Thinning and animal update
Jul/02/2009 08:50 AM Filed in: Apples | Animals
Given the current downpour, I have time to write an update. We have been fitting apple thinning in between rain storms, and have (almost) finished the Libertys and Cortlands, as well as our early varieties. The ever-reliable Libertys are covered with fruit; we thinned at least half a bushel of tiny apples off each tree. Given the wet, cold weather this year, the plum curculio weevils were active for a longer period than usual - they started damaging apples at their normal time, but were still active while we were thinning. It has also been a challenge keeping clay on the trees to fend them off, but the apples we left on the trees look good. We still have the Freedom variety to thin, and the old-fashioned standard trees, most of which are fruiting very lightly this year for various reasons. There is some scab on the vulnerable varieties, but nothing like last year. The down side to using less-harmful controls is that we can't eradicate scab, we just try to keep it down to a dull roar. The next break in the rain we will put up our sticky traps for apple maggot fly, which will start to enter the orchard very soon. We use lures that smell like ripe apples and traps that these flies are attracted to to target this control measure specifically to this pest.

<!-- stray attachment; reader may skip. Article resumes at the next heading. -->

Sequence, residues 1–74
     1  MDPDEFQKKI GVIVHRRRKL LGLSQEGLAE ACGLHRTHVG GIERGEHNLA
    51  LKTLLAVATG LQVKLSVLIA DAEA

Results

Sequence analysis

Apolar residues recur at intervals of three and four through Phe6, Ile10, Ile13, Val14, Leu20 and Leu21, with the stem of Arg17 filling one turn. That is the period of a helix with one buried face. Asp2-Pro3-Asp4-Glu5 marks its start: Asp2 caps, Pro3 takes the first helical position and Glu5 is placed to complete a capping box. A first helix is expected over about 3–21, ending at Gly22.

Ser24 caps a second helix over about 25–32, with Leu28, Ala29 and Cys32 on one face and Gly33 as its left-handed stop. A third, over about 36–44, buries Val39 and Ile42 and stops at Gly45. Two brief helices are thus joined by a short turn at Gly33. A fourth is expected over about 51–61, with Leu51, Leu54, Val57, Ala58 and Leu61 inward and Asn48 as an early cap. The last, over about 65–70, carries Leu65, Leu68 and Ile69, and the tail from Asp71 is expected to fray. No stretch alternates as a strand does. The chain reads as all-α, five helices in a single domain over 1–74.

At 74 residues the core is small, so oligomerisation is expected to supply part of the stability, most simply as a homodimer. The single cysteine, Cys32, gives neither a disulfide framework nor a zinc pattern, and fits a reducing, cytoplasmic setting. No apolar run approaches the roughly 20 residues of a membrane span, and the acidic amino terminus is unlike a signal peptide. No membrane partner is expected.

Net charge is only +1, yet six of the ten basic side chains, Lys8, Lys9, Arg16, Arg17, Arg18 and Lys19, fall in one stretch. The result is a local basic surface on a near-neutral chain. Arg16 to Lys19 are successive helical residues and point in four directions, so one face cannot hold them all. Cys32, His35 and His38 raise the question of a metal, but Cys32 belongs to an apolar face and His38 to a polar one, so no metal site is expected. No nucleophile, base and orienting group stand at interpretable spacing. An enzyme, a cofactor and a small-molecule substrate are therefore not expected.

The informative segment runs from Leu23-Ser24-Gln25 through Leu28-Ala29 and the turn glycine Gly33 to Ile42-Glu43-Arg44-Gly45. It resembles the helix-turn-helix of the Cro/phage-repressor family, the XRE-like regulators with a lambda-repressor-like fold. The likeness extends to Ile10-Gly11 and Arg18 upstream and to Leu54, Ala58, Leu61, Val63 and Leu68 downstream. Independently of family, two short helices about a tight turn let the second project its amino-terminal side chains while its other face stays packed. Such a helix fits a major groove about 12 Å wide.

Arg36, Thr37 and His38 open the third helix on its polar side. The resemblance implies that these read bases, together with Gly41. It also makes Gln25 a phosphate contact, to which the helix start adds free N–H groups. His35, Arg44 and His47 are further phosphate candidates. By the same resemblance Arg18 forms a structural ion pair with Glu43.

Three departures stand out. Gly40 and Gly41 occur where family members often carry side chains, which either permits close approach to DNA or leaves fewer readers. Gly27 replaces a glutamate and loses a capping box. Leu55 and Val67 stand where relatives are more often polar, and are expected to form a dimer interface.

On the animal front, the killdeer hatched last night - the chicks are tiny tiny duplicates of their parents, running around my garden and the driveway. Last year I saw the family occasionally for the rest of the summer in the same area that they hatched; I look forward to keeping an eye on this brood as well. And now I can weed my garden! If it ever quits raining, that is. As for our little lamb, Fifi has developed amazingly in the week she has been alive. Her four front teeth all came in at five days old, and she has been practicing running, jumping, leaping, so she is now as fast as the adults. She has started checking things out with her mouth, so when we pick her up she now will gently taste our skin in addition to sniffing us. She won't eat anything for some time yet, but will be playing with the idea. We try to pick her up every day at least, so she remains unafraid of us and will learn to enjoy eating from our hands, being petted, etc. Of our 5 adult sheep, I think only one got this kind of attention as a lamb, since one asks for petting and will eat out of our hands, while the others run from us like wild animals. Taming adult sheep is a much bigger challenge than taming a baby.